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Friday, 30 September 2016 14:15

Q&A: Jerry Davis, professor, University of Michigan

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Jerry Davis, Wilbur K. Pierpont Collegiate Professor of Management and a professor of sociology, Ross School of Business, University of Michigan Jerry Davis, Wilbur K. Pierpont Collegiate Professor of Management and a professor of sociology, Ross School of Business, University of Michigan Courtesy Photo

Over the last 20 years or so, several of America’s institutional corporations have vanished for a number of reasons, ranging from bankruptcy to a shifting technological landscape. University of Michigan professor Jerry Davis thinks that pattern will continue. In his recent book, The Vanishing American Corporation: Navigating the Hazards of a New Economy, Davis contends that our existing political and economic systems aren’t set up to handle a future where everyone is a self-employed entrepreneur in an on-demand economy. Before a talk at Grand Valley State University, Davis spoke with MiBiz about how intrinsic corporations are to American culture and why their diminishing power could lead to an “apocalypse” scenario. 

Describe what you mean by this notion that American corporations are disappearing. 

The number of companies listed on the stock market in the U.S. has dropped by half over the last 20 years. So while we think that corporations are taking over everything, to a surprising extent, you can think of all of these century-spanning corporations that just disappear like the rapture: Westinghouse, Kodak, Sears is going to be doomed, Blockbuster. There’s been a surprising sort of continuous drop since about 1997, and it shows no sign of letting up.

What makes corporations so important to the American way of life?

That’s where you get your health care, your retirement security, where you invest your retirement funds. … The U.S. is unique in being totally reliant on the corporation as a way of life. So because it’s so much more important for the U.S., it’s also much more disruptive for corporations to disappear because (it’s) where I do my health care and retirement. In the rest of the world, you get those things from the government, but in the U.S. it’s from corporate employers.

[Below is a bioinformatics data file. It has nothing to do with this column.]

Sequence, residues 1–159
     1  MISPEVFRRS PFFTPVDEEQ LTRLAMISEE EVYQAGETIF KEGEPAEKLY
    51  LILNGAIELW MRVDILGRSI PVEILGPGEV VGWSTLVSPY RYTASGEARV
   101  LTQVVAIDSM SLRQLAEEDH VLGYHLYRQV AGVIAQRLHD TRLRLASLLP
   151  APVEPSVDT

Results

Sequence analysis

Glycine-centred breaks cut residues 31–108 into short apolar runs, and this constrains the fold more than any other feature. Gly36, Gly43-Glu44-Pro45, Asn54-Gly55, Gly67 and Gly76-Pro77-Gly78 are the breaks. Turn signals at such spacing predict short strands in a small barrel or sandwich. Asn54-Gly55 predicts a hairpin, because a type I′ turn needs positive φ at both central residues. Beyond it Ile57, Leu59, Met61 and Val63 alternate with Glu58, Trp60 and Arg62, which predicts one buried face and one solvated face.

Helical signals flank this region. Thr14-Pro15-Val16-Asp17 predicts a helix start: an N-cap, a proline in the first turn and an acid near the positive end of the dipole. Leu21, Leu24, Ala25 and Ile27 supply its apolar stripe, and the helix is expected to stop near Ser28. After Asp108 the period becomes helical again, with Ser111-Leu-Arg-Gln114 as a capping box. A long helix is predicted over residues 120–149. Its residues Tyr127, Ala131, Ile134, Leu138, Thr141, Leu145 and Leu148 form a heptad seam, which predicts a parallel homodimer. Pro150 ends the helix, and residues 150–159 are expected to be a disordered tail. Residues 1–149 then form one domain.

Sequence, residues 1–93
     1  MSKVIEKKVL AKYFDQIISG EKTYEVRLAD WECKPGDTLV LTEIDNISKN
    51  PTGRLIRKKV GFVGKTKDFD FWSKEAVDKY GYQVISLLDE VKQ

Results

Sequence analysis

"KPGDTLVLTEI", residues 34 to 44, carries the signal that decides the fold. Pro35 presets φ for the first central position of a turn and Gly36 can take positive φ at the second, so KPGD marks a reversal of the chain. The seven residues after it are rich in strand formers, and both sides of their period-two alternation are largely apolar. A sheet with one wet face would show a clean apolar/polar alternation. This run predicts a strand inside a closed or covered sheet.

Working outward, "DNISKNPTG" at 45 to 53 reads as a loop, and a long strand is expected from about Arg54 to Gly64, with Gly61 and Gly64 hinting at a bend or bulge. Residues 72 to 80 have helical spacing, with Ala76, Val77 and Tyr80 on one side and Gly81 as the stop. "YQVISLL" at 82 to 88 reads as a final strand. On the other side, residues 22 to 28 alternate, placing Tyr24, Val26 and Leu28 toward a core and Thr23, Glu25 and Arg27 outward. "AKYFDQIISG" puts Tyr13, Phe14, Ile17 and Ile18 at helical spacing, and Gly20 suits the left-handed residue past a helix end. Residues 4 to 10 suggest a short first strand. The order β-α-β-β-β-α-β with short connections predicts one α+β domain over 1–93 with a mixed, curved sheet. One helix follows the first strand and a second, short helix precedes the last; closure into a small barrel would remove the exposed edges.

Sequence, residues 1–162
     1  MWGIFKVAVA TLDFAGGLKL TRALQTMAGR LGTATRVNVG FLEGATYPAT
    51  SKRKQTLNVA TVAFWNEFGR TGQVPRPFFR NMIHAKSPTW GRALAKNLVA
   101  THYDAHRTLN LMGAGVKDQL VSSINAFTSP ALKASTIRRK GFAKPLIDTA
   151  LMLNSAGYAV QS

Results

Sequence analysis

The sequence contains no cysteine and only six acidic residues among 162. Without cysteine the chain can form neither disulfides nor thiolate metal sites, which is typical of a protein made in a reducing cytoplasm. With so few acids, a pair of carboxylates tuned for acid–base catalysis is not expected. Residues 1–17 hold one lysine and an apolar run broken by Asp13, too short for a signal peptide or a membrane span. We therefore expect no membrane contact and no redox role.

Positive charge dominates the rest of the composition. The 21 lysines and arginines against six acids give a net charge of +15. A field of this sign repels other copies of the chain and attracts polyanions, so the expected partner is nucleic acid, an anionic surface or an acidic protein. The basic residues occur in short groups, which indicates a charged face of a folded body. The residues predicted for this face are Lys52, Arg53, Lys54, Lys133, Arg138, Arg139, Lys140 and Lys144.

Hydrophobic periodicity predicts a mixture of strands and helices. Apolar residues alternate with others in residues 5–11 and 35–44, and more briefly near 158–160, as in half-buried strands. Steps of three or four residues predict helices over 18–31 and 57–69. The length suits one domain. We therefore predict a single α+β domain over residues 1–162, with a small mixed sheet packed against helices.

In your view, what does the disappearing corporation say about the shifting economy?

Companies with big market capitalizations, no one actually works at them. … Kroger is the second biggest employer in the U.S. (behind Wal-mart) … but their market cap is one-tenth of Facebook, even though their revenues are eight times as big as Facebook. They’re still bigger than Amazon, but no one thinks of Kroger as being this powerful thing. 

Aren’t the Ubers and Amazons making the world a better place?

Information and communication technologies have greatly reduced the cost of market transactions. When you make it cheap to do things in markets, it comes at the expense of institutions. 

What do you mean by that?

Corporations with jobs, that’s an institution. You work for an employer for an extended period and that feels like an institution with obligations. With Uber, there’s no obligation. There’s a specific price for a specific performance. … And you don’t get promoted from Uber driver to (Uber) programmer. It’s the definition of hand-to-mouth existence. We used to talk about dead-end jobs, but at least jobs were jobs. 

From your perspective, the death of the corporation leads to a bleak outcome. What are the stopgap measures you recommend?

Politically, we have to have a national health care system. Our system is such a crazy Rube Goldberg jalopy that doesn’t make any damn sense. Every civilized country on earth has nationalized health care, and then there’s us. If you want people to move from job to job, you have to separate the basics of social welfare from employers. 

Everyone loves the notion of small business and lowering barriers to entry. Political candidates talk about that all the time. You don’t buy it?

On the one hand, it’s great because it means the barriers for outsiders to enter are a lot lower and that can be a good thing. … The potentially good thing is that people can start something small and see it grow very big, very fast. That didn’t used to be true. But there’s a bunch of flip sides to that. We thought corporations controlled our politics and now there aren’t so many corporations doing that anymore. 

Post-Citizens United, you don’t think corporations have an influence on politics? 

Would you rather have General Motors influencing your policies or would you rather have the Koch brothers or Sheldon Adelson, the casino owner? It’s really rich people and families more than corporations, per se, that are controlling the politics. … The flipside is, it’s a lot easier to beat a big corporation into shape than to beat an ecosystem into shape. 

Those corporations can also help lead change in society, too.

When Wal-mart decides to green their supply chain and force all of their suppliers to lower the carbon content, that’s pretty badass. That’s something a Wal-mart can do that 1,000 independent stores can’t do. … If they use their power for good, they can do an awful lot of good. 

What does this show about our common notions of corporations?

Rather than seeing corporations as inherently evil or a good thing, corporations are like diesel trucks. They’re a tool for getting stuff done. If the stuff you’re doing is rescuing people from refugee camps, that’s a good truck. And if it’s running down children, then that’s a bad truck. But the truck itself … corporations are a means and not an end in itself. It’s a tool. We don’t want to attribute any intrinsic morality or immorality to them.

Read 1876 times Last modified on Sunday, 02 October 2016 23:14

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